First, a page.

A frequent complaint of pond owners, especially after filling newly constructed ponds, is a muddy, dirty, or turbid appearance. According to Texas A&M AgriLife Extension, many owners wish for clear sparkling waters but are instead greeted by muddy ponds containing water that resembles chocolate milk.
Turbid water, or turbidity, is caused by suspended organic and inorganic particles in a body of water that reduce clarity. In a muddy pond, it is primarily suspended clay particles that produce the turbidity. It is important to understand the problems that turbidity produced by suspended clay particles could potentially cause in a pond’s ecosystem.
Clay turbidity in ponds reduces the ability of light to penetrate the water to depth, which results in reduced amounts of phytoplankton, and subsequently, reduced natural oxygen production and food for fish. Not only could muddy or turbid water cause stunted growth in fish, but overall aesthetics of the pond can be reduced.
Another concern of muddy ponds is that suspended solids can lead to undesirable flavors, often referred to as “off-flavors,” in fish harvested from the pond. Muddiness of ponds can also promote the growth of bacteria and blue-green algae, which can lead to health problems for aquatic organisms, humans, and animals that may swim in or drink from the pond.
Most pond owners desire completely clear ponds that look “aesthetically pleasing,” but due to lack of nutrients and associated food, this can also cause detrimental effects for fish populations if the pond owner is concerned about maintaining a good fishery.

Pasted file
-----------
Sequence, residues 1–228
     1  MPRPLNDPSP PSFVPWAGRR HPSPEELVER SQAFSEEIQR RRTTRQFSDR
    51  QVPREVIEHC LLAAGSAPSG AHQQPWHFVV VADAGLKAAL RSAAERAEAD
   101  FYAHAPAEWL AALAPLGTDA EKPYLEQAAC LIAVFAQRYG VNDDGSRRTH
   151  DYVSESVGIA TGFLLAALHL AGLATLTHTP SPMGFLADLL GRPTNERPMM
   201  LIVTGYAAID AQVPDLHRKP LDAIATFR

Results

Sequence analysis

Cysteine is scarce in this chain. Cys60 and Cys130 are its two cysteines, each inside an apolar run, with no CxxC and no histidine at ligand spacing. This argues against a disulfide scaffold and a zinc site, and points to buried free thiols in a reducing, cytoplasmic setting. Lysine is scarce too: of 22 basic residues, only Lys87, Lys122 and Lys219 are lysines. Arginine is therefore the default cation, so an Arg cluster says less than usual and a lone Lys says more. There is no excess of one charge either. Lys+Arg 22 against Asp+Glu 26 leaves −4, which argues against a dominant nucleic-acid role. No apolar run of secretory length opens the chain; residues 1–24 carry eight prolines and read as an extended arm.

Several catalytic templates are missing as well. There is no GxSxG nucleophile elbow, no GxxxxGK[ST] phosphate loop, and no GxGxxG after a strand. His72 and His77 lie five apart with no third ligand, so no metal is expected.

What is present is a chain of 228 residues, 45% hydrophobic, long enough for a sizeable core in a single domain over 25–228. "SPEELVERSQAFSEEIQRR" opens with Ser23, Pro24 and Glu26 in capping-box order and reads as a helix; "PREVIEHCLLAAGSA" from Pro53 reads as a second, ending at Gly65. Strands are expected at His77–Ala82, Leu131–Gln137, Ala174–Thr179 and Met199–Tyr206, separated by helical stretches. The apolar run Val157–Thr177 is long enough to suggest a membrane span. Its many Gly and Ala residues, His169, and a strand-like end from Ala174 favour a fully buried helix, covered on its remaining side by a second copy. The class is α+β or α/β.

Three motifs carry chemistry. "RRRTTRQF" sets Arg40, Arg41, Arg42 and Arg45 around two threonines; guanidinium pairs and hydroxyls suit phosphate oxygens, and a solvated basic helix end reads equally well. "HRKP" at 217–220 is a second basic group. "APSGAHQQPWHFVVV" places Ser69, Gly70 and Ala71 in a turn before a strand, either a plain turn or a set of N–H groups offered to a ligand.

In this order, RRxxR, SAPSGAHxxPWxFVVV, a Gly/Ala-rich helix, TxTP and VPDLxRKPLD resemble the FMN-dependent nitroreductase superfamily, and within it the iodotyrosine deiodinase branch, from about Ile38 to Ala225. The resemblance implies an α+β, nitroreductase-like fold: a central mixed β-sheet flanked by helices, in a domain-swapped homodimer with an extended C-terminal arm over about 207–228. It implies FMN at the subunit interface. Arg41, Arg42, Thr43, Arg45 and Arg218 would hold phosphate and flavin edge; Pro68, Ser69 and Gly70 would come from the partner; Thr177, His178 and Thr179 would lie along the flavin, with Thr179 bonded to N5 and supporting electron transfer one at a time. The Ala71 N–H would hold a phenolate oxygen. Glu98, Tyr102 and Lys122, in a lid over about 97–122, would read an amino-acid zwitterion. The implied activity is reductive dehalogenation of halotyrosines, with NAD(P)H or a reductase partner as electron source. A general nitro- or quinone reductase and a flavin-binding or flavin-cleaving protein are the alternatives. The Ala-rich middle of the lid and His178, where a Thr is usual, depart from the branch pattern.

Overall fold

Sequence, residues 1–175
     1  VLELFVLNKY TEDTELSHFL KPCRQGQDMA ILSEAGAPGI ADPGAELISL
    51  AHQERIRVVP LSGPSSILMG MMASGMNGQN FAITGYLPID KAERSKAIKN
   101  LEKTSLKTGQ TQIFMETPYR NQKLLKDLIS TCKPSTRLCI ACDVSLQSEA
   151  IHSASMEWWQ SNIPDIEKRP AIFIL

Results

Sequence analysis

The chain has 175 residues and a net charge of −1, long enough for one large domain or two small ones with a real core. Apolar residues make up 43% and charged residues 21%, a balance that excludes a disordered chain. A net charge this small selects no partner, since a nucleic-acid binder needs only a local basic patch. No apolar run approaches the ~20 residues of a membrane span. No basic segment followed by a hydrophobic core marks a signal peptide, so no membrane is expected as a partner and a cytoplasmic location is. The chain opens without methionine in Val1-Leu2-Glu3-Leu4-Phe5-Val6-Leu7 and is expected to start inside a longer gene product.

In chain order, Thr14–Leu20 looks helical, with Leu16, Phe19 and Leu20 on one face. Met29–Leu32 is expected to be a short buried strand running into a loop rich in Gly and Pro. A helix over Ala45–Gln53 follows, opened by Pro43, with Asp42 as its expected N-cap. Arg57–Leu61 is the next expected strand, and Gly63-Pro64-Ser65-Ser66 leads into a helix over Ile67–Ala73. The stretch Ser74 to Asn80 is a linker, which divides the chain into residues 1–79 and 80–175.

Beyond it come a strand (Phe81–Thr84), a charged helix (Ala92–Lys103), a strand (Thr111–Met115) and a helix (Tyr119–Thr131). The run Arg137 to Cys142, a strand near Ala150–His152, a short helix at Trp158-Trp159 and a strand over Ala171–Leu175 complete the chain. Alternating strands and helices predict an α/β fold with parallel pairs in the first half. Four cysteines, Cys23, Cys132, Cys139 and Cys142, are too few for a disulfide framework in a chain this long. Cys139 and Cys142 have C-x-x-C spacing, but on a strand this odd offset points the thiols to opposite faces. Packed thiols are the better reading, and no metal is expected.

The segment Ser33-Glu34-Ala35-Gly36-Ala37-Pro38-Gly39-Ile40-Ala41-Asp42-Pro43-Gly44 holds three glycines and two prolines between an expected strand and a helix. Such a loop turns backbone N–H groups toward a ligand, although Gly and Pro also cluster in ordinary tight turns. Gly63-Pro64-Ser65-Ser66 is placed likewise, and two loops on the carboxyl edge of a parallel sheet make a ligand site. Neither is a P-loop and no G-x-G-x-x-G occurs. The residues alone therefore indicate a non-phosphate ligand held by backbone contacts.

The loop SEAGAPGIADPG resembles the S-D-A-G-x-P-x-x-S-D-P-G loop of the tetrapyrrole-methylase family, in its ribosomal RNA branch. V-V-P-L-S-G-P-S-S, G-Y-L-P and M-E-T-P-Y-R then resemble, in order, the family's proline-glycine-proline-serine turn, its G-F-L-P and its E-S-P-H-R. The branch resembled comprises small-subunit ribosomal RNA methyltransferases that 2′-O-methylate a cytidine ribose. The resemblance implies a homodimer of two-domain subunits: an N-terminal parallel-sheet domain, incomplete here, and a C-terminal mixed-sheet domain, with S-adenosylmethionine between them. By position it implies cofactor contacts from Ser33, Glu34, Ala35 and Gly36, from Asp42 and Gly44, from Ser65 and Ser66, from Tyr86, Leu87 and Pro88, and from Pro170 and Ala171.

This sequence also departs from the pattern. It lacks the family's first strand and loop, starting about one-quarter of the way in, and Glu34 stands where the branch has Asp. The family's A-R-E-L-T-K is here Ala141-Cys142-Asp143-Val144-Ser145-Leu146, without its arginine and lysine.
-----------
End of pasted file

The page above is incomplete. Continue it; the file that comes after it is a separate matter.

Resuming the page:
Completely clear water means there is no food in the water column for small fish to eat. Ponds can appear muddy for various reasons. The most common causes for muddy ponds are new pond construction in clay soils, rainfall/runoff, erosion from wave action and other sources, and animals. One may wonder how these factors can cause a pond to become muddy, or turbid.
To retain water, ponds must be constructed in, or lined with, clay-rich soil. Clay soils contain tiny, negatively charged clay particles that can suspend in the water, ultimately causing the appearance of muddy water. Runoff from a rain event can also bring clay particles into the pond from the surrounding environment.
Turbidity can result from high winds, abrupt changes in air temperature, and excessive rainfall disturbing clay particles, causing them to become suspended in the water.
Wildlife, such as ducks, beavers, muskrats, and wading birds; livestock wading in or drinking from the pond; invasive species such as common carp, nutria, and feral hogs; and aeration systems can also cause suspension of clay particles. In some cases, fish species intentionally stocked into the pond, such as grass carp or catfish, can stir the bottom sediment, causing turbidity.
Before treating a pond, one must first determine the underlying cause of the issue—whether it is due to a problem stated above or it is related to a chemistry issue—and eliminate it. This is a crucial and often overlooked step. If the cause of the suspended clay is not first eliminated, the turbidity can soon return after a clearing treatment, resulting in wasted money and effort.
For more information on this or any other agricultural topic please contact the Hopkins County Extension Office at 903-885-3443 or email firstname.lastname@example.org.
Contributed by Mario Villarino